Propositions from a Critical Play Perspective
If games always hold within them cultural beliefs, norms, and human values, how are designers to tackle the vexing responsibility of designing digital games? In this talk, Flanagan examines the topics of games and values, games and art, the history of technology and games, and motivation. How does art practice inform designing for values? What pitfalls might designers face when making games for social change? Flanagan takes the audience through a number of propositions that uncover strengths and weakness of games as a medium for social change and revolutionary play.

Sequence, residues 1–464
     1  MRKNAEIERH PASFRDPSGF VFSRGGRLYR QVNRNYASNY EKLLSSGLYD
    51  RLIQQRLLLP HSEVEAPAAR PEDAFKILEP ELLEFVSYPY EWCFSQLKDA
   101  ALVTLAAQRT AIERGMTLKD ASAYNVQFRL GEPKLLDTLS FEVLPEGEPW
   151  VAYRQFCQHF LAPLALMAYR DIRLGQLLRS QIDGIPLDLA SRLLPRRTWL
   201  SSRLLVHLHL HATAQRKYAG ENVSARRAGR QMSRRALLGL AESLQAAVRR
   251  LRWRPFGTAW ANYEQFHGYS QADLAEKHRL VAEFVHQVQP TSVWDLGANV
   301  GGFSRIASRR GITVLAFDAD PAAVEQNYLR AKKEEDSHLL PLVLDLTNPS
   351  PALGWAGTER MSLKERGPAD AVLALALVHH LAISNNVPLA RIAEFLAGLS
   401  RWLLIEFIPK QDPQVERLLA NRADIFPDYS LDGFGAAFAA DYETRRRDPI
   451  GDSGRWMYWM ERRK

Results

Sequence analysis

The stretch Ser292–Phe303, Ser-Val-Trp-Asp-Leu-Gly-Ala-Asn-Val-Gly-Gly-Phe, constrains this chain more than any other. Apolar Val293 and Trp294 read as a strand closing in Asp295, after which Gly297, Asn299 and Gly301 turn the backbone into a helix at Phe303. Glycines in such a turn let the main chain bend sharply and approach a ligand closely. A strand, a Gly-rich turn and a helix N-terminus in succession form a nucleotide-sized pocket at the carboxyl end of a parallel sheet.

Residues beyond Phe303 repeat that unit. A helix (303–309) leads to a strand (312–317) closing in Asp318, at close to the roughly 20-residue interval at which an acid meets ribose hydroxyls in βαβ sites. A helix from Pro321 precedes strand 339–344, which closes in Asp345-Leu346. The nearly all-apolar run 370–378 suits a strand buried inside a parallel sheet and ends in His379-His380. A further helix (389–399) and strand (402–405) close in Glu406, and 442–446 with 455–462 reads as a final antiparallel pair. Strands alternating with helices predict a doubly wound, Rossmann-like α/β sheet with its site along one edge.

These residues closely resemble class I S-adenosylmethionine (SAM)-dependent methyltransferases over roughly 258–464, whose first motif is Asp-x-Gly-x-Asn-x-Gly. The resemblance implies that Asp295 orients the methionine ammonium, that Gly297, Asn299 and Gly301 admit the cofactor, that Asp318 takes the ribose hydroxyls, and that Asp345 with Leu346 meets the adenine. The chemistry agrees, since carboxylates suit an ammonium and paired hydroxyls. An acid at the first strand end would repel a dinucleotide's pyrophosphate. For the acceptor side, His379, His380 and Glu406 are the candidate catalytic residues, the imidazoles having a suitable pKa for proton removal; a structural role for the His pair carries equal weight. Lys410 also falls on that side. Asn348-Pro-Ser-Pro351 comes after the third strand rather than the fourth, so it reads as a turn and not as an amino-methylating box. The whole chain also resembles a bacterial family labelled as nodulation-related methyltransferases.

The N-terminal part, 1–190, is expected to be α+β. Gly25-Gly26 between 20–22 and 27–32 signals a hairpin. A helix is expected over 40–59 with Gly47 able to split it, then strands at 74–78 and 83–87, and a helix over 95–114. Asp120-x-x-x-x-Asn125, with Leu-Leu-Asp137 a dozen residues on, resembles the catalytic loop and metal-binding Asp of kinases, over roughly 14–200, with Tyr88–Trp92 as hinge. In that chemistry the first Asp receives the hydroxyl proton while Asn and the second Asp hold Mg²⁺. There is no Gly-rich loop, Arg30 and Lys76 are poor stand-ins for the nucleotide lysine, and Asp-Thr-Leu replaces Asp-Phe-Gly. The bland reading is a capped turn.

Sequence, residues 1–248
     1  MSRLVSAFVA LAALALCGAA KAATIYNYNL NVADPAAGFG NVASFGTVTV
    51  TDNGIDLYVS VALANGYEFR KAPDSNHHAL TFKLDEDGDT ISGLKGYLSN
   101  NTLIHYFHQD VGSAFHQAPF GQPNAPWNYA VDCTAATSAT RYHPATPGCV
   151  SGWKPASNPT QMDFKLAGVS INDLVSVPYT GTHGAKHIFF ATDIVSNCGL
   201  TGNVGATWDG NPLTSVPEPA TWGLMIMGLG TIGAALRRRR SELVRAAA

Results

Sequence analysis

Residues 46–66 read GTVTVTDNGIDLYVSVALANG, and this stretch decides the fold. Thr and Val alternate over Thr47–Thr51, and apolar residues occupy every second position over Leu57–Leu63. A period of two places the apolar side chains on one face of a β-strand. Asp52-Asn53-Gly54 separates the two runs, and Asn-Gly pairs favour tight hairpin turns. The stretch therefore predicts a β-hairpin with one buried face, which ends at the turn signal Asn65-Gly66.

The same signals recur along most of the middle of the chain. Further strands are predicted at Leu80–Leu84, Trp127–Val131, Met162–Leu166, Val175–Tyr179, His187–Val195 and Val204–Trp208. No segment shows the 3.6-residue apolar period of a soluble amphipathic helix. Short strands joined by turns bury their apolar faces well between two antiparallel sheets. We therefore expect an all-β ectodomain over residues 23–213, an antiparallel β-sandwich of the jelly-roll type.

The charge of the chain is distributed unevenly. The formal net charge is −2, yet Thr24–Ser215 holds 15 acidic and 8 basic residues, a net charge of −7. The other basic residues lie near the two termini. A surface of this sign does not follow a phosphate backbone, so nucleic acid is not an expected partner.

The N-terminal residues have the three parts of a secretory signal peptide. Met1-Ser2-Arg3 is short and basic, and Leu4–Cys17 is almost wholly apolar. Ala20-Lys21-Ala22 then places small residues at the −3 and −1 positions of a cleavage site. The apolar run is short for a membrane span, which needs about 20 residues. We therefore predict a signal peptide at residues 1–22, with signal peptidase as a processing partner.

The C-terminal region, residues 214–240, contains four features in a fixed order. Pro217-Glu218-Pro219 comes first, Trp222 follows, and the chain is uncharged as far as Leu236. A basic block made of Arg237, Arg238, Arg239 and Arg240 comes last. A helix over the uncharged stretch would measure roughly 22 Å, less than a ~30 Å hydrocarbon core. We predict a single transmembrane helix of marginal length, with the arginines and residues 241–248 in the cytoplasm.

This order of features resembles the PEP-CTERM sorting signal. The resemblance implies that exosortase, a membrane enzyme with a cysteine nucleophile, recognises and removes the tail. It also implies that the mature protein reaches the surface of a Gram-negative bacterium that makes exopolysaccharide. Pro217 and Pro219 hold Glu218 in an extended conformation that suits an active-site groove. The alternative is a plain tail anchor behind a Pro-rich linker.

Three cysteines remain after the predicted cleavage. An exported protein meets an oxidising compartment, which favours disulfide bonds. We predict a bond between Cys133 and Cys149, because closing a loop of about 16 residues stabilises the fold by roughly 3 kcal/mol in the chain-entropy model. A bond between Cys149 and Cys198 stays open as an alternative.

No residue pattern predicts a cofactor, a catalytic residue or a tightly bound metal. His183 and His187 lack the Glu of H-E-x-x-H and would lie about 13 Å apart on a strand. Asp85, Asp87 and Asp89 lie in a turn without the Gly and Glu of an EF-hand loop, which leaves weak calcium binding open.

Known for her theories on playculture, activist design, and critical play, Flanagan has achieved international acclaim for her novel interdisciplinary games, artwork, and theoretical writing, her commitment to theory/practice research, and contributions to social justice design arenas. She is particularly interested in issues of equity and authorship in technological environments, and reworking commonly understood paradigms to provide collective strategies for social change. This talk draws primarily on her work in the Values at Play project and in her 2009 book, Critical Play (MIT Press). Flanagan is the Sherman Fairchild Distinguished Professor in Digital Humanities at Dartmouth College.